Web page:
This rapid separation of the reaction products from the catalyst material is an important factor in limiting the degradation of the reaction products. Degradation can be diminished further by rapidly cooling the reaction products after they are separated from the catalyst material. If the separation step involves applying reduced pressure, some cooling of the reaction products will occur as a result of their adiabatic expansion. Further cooling may be accomplished by any means known in the art, for example by pumping the reaction products through a heat exchanger in counter-flow with a cooling medium, such as chilled water.

Preferably, the reaction products are cooled to a temperature below 200° C., preferably below 150° C., within 10 seconds, preferably within 3 seconds, after being separated from the catalytic material.

Some reaction products remain adsorbed to the catalyst particles after separating step c). These materials may be removed by stripping, using methods well known in the art. For example, stripping conditions as used in FCC units are suitable. Although the reaction products removed by stripping may have been in contact with the catalyst material longer than the desired 10 seconds, these materials are not necessarily fully deteriorated.

During the reaction coke may form on the catalyst surface. This coke can be burned off by exposing the catalyst to an oxidative environment, such as air, at elevated temperature. This optional step may be carried out in a regenerator of the type known from FCC processes.

This burning-off step results in the production of CO2. In a preferred embodiment this CO2 is used in the production of biomass, for example by spraying it onto crops or trees under conditions that are favorable for photosynthesis.

The heat generated during the optional regeneration step may be used to supply the heat for the endothermic reaction of step b). To this end, hot catalyst particles from the regenerator are recycled to step a) or b) of the process. The amount of coke deposit may be such that the amount of heat generated during the regeneration step may be greater than what is needed for fueling the conversion reaction. If this is the case, excess heat may be removed from the process by cooling the catalyst particles to a desired temperature prior to recycling them into the reactor. The desired temperature is determined by the heat balance for the process, and the desired reaction temperature for step b). Accordingly, the desired temperature of the catalyst particles just prior to recycle may be determined in a manner similar to that used in FCC processes.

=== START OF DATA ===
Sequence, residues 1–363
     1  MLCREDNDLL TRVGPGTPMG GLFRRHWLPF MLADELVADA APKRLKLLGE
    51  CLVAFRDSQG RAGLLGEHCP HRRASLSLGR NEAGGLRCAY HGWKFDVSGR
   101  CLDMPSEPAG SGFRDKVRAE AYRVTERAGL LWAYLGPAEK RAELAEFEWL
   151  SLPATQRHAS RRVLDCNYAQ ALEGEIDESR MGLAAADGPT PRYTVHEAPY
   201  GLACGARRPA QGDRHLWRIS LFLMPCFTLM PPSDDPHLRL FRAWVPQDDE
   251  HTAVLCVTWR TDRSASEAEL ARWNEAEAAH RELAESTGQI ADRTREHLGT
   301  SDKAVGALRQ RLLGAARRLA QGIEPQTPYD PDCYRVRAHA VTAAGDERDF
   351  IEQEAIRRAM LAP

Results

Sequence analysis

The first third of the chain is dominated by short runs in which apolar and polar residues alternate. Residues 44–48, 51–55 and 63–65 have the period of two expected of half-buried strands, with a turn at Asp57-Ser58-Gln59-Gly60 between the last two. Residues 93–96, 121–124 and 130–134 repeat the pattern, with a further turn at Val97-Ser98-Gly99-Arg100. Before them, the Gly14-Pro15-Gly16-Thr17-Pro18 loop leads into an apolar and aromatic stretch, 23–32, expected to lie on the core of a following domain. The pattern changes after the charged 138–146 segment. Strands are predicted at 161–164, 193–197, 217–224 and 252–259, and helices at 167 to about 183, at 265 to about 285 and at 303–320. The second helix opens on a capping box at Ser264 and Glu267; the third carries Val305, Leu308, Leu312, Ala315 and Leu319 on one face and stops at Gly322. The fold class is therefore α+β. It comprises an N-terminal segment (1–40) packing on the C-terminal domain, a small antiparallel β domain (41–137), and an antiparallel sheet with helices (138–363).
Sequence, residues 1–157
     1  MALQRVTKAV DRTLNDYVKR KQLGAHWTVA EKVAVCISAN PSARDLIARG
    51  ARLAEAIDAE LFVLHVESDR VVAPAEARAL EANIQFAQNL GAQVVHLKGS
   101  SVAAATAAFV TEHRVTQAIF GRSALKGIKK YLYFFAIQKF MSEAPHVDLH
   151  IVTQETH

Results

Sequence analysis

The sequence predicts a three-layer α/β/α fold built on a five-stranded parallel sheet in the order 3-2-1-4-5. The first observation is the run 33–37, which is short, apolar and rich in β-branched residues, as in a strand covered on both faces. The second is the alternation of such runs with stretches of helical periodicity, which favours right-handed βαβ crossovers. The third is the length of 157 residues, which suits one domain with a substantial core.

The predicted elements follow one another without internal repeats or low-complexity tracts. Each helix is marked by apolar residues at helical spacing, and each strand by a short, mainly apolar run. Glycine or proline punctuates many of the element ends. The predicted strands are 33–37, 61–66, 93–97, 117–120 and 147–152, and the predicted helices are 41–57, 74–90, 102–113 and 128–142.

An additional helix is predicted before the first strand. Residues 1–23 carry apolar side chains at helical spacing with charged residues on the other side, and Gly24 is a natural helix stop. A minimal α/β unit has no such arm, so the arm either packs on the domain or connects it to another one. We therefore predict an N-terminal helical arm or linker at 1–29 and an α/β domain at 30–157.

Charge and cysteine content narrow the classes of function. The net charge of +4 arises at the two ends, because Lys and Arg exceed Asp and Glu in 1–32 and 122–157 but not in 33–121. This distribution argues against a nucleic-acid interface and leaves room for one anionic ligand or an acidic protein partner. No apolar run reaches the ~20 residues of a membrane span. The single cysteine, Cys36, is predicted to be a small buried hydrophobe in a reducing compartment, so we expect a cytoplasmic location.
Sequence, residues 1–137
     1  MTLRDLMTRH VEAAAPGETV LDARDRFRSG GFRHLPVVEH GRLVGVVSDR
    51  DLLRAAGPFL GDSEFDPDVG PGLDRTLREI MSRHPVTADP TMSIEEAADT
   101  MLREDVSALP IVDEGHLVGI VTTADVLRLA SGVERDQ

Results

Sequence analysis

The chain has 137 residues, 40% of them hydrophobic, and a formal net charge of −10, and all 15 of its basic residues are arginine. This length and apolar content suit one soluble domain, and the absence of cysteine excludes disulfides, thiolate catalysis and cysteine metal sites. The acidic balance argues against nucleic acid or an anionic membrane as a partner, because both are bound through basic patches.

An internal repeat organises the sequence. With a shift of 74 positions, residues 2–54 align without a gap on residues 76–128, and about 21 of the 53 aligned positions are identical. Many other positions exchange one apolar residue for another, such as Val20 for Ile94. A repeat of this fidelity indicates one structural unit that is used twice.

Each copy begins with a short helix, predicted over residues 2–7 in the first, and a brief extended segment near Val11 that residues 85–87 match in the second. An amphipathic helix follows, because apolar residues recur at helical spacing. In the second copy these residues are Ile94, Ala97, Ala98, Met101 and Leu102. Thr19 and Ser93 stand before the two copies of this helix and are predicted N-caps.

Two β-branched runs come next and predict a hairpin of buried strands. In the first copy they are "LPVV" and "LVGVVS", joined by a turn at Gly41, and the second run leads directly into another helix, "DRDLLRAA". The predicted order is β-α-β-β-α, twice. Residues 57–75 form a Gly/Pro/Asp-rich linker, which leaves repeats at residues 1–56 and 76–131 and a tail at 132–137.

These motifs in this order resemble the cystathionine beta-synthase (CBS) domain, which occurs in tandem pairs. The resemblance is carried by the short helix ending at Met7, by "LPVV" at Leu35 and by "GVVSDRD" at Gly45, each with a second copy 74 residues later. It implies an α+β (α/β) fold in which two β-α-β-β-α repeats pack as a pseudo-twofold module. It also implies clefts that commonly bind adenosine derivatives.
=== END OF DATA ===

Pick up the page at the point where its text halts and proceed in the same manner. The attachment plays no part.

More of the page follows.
If heat is removed from the regenerated catalyst particles, this heat may be used for generating steam, hot water, or electricity.

In a preferred embodiment the process is carried out in an FCC unit. It may be desirable to carry out step a) in a pretreatment reactor, prior to introduction of the carbon-based energy carrier material into the riser of the FCC unit.

In a preferred embodiment of the invention a reactive gas is present during at least part of step b). This reactive gas may have oxidative or reductive properties, or the reactive gas may be reactive in isomerisation or alkylation properties. Examples of reactive gases having oxidative properties include air and oxygen, as well as mixtures of oxygen and an inert gas such as nitrogen.

Examples of gases having reductive properties include carbon monoxide, hydrogen sulfide, and hydrogen. Hydrogen may be less preferred, as it may require a high pressure.

Gases having alkylation or isomerisation properties include iso-butane, naphtene, volatile organic acids, and the like.

A particularly preferred embodiment is illustrated in FIG. 1. The figure represents a three-stage process for the mild pyrolysis of a carbon-based energy carrier. The process will be described with reference to biomass, specifically wood chips, as the carbon-based energy carrier. It will be understood that this process is suitable for other forms of biomass, as well as for mineral forms of carbon-based energy carriers.

FIG. 1 shows a fluid bed drying and grinding unit 10. Particulate biomass, such as wood chips or saw dust, is introduced into this unit 10, and blended with a fluid bed of catalyst particles. This mixing may take place at ambient temperature, but it is preferred to operate unit 10 at an elevated temperature. Preferably the temperature is kept at below about 200° C. The mechanical impact of the catalyst particles impinging on the biomass particles provides a grinding action, thereby further reducing the particle size of the biomass. In addition the fluid flow in the fluid bed provides a degree of drying of the biomass particles.